Tea party leaders may be just like the rest of those corrupt politicians

Republicans are brashly criticizing leaders of the tea party movement for their obsession with personal fiscal wealth while preaching an entirely different message to their donors.

“You are seeing a concentrated effort to expose one, their hypocrisy, and two, the financial motives that are guiding many of them,” said Brian Walsh, a GOP strategist for the National Republican Senatorial Committee, who spoke with CQ Roll Call.

Establishment Republicans are unhappy with the triple-digit salaries the executives from leading grassroots organizations and PACs pull in every year since it began in 2009.

Conservative-aligned Ann Coulter said last month that she has seen the movement selling its own soul.

“I think there are a lot of conmen and scamsters coming in and tricking good Americans into sending them money claiming we are fighting for you. And they aren’t fighting for you,” Coulter told Sean Hannity.

In a setting where multiple organizations are all trying to be leaders, tea party groups lack accountability and clear leadership, with no one unifier emerging from the pack.

These groups successfully prey on lower- and middle-class Americans to donate money to defend the Constitution, and pocket a substantial amount of the donations.

Roll Call found very little of that funding goes toward actually electing candidates, according to IRS and Federal Election Commission records. While some groups defended themselves as not working to elect tea party-aligned politicians, the stout executive paychecks they receive are questionable.

The Senate Conservatives Fund — who maintains a close affiliation with its founder, former Sen. Jim DeMint, now president at the Heritage Foundation — does spend the majority of its funding on candidates.

Another group, Club for Growth, gave $510,786 to President Chris Chocola from mid-2010 to mid-2013. Spokesman Barney Keller told Roll Call it was a “pretty good deal” because they were just as productive as the U..S. Chamber of Commerce but at less than one-fifth of the cost.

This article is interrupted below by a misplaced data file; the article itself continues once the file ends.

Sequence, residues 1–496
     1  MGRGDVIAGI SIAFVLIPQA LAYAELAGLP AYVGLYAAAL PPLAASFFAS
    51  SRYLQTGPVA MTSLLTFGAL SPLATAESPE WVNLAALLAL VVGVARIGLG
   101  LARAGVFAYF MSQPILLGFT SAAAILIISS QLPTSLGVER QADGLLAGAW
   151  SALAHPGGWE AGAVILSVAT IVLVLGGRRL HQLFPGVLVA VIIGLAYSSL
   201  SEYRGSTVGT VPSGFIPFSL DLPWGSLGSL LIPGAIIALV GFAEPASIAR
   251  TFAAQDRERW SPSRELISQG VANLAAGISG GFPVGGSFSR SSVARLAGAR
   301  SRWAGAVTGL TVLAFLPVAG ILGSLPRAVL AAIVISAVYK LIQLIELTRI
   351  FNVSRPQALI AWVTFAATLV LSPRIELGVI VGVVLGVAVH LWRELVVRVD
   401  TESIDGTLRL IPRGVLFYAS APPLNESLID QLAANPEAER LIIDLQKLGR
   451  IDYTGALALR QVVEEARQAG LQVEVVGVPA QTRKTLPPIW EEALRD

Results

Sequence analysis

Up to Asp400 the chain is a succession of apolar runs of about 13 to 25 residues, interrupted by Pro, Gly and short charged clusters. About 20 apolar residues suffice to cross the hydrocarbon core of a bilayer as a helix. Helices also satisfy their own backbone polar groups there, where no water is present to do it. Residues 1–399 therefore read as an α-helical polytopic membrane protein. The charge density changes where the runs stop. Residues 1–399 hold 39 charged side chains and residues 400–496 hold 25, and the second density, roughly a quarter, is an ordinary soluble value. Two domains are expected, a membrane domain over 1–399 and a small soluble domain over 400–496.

The Tea Party Express PAC sucked in $10 million during the 2012 election year and three-quarters of that was from donations, each less than $200. Only 2.6 percent of their budget was allocated toward campaign contributions. The Tea Party Patriots Citizens Fund have not spent anything on candidates this election cycle.

FreedomWorks president and CEO Matt Kibbe made $470,000 in 2012, 3 percent of what the group’s advocacy branch pulled in that year. Other costs included $5 million on advertising and promotion, $1.4 million on office expenses, and $1.3 million on conferences, conventions and meetings.

The Madison Project PAC spent $1.8 million during the 2012 election cycle. Although $97,500 went to candidates, plenty went into the heavy pockets of its overseers. The chairman, former Rep. Jim Ryun, sucked in $66,540, and his son, political director Drew Ryun, made $67,932 out of the gig.

What mostly concerns GOP members is retaining the majority of the House and retaking the Senate, but by the way tea partiers are playing, that dream could remain just that this November.

Many tea party groups have made a habit demonizing the Republican incumbents and newcomers, which former Rep. Steven LaTourette of Ohio said is not helping the party.

“[LaTourette] recently accused the Club for Growth of helping install California Democratic Rep. Nancy Pelosi as speaker, because the club spent three times more assailing Republicans in the 2006 election cycle than opposing Democrats,” wrote Roll Call.

The tea party’s questionable behavior is arguably a contradiction to its constitutional message and to millions of financial contributors.

Rather than identify and elect constitutional defenders, tea party groups spend millions to fruitlessly primary sitting Republicans, give cushy pay checks to their top executives and create fertile ground to elect Democrats.


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